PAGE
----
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Hi simplyblessedwithlove,

Your suggestion sounds great. However, what we have been discussing in this thread has been whether it's possible for a non-native speaker to become native proficient in a foreign language, and how native speakers can tell that someone is a non-native speaker even though they know a foreign language very well. I would therefore be anxious to submit texts written by a) a native English speaker, who is a secondary school student, b) a non-native speaker, who is a secondary school student (and very good at English), c) a non-native professor of English or someone else who seems to have an excellent grasp of English, d) a native professor of English or another highly proficient native speaker.

Let me know what you think,

Englishuser
I think it is an absolutely ridiculous idea as it is quite predictable that texts submitted would be deliberately worded to mislead the reader.

Surely if one had so much time on his hands he could find something more profitable to do with it than play cat and mouse.
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Simplyblessedwithlove
EnglishuserI agree. But it also depends a lot on how dedicated the writer is. You can surely write a page or two without sounding non-native at all, for instance, even though you are not a native speaker of a language.
I think Indians, Filipinos, Singaporeans, or people from other bilingual English-and-mother-tongue-language speaking countries can be able to do that, and there would be no way for you to tell where they are from.
Yes, that's a complication. I think of such people as "native speakers", in this kind of context.

MrP
OpenmindIf you know the author of a text as an ESL speaker, then of you've already programmed your subconscious mind to find proof for something you know is a fact.
I think it depends on your relationship with the writer also. If you know how long that person has taken his/her time to master the language, then you'd be amazed or disappointed to read their writings.
EnglishuserHi simplyblessedwithlove,

Your suggestion sounds great. However, what we have been discussing in this thread has been whether it's possible for a non-native speaker to become native proficient in a foreign language, and how native speakers can tell that someone is a non-native speaker even though they know a foreign language very well. I would therefore be anxious to submit texts written by a) a native English speaker, who is a secondary school student, b) a non-native speaker, who is a secondary school student (and very good at English), c) a non-native professor of English or someone else who seems to have an excellent grasp of English, d) a native professor of English or another highly proficient native speaker.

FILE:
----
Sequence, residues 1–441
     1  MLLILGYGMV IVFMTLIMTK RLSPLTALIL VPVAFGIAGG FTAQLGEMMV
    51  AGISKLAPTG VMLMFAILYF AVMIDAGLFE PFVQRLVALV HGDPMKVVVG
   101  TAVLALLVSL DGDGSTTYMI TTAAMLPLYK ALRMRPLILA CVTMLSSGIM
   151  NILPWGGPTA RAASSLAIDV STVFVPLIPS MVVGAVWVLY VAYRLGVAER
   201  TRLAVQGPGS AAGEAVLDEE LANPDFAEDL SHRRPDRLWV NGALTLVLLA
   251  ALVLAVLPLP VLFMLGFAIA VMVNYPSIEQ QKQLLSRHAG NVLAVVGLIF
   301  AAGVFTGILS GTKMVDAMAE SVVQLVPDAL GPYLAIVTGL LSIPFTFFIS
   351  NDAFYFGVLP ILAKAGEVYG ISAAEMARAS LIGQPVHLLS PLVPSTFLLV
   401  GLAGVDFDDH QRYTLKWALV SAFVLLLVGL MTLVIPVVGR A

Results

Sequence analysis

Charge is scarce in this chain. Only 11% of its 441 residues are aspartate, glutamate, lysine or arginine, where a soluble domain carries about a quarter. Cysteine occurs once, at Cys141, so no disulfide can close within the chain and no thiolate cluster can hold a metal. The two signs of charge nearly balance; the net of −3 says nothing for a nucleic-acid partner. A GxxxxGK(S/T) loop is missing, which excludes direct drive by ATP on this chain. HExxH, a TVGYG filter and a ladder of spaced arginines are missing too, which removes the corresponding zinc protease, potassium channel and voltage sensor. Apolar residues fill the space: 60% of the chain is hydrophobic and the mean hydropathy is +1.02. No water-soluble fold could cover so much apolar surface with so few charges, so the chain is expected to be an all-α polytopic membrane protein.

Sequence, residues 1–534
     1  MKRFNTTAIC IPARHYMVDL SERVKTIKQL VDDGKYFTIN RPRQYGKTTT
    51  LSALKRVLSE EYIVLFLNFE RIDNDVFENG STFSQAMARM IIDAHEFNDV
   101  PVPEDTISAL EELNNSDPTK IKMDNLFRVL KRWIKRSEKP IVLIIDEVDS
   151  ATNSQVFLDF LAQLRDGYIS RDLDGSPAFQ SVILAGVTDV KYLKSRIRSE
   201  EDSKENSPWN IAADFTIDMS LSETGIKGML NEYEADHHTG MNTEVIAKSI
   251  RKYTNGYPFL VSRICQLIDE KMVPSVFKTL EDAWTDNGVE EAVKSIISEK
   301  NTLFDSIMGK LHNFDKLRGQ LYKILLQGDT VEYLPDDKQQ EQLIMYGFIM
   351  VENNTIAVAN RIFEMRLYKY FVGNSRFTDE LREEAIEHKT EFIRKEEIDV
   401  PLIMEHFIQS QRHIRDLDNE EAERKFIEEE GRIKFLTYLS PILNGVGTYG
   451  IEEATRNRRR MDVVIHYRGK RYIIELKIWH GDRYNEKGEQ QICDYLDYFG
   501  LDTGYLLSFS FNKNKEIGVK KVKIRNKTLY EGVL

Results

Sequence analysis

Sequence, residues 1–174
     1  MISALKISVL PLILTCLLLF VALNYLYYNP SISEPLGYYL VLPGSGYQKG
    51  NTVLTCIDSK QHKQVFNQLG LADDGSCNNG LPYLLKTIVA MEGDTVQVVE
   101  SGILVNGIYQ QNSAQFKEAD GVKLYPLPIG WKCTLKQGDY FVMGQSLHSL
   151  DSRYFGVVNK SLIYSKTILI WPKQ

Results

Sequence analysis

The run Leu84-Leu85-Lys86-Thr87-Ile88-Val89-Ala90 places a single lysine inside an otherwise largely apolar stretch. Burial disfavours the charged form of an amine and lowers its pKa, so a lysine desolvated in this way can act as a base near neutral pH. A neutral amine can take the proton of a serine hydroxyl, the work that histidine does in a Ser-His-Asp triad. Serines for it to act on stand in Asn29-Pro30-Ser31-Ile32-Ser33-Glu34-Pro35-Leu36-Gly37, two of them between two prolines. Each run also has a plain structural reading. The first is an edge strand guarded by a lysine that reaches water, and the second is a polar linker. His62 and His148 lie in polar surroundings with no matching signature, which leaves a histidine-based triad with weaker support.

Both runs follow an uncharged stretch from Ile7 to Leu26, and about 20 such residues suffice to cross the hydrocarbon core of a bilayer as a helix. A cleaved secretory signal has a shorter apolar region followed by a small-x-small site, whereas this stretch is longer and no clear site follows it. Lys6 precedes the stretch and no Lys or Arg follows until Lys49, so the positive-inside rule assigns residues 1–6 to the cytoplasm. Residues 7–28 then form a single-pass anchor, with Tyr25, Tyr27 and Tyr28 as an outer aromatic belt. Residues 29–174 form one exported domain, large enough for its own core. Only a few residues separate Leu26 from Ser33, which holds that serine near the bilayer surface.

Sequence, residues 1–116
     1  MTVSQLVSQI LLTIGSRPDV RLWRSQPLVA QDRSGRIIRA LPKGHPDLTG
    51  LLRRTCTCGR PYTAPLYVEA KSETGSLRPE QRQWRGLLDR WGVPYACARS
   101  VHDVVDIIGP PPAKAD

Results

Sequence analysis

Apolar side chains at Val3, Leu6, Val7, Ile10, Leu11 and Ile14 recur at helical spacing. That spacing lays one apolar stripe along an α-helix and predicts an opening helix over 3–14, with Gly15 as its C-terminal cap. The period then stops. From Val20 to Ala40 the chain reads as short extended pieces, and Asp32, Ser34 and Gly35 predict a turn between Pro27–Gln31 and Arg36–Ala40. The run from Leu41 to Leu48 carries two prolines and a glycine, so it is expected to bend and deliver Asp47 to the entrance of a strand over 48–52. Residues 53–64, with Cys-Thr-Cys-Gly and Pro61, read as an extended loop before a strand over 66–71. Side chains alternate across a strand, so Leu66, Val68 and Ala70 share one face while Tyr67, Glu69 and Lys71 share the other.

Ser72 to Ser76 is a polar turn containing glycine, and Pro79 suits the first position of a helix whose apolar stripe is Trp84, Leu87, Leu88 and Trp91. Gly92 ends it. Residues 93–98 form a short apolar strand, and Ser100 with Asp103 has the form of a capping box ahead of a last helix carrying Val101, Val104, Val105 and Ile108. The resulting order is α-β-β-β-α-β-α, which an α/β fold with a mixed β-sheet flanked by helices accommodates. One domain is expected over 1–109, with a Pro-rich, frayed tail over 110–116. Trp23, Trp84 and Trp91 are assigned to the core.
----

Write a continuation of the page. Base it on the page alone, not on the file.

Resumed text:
Let me know what you think,

Englishuser

Okay, I think MrPedantic is a native English speaker, and I like his writing style, so why don't we compare his writing to a non-native professor of English? What about you? Are you a native English speaker? I have a feeling you're not. See, I can't tell by your writing. I have to go with my feelings here. Don't mind me if I'm wrong. Emotion: embarrassed

I like the a and b comparison. Let's do it for fun! Emotion: wink
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Hi simplyblessedwithlove,

You suggested:
Okay, I think MrPedantic is a native English speaker, and I like his writing style, so why don't we compare his writing to a non-native professor of English?
I don't think that's a very good idea, to be quite honest with you. We already know (or assume we know) that MrPedantic is a native speaker of English, so if I did post a text written by a non-native professor of English, you would already know that MrPedantic is the native speaker and that the writer I'm quoting is the non-native. Besides, I don't think it's a good idea to scrutinise MrPedantic's English without his permission.

Let me know what you think,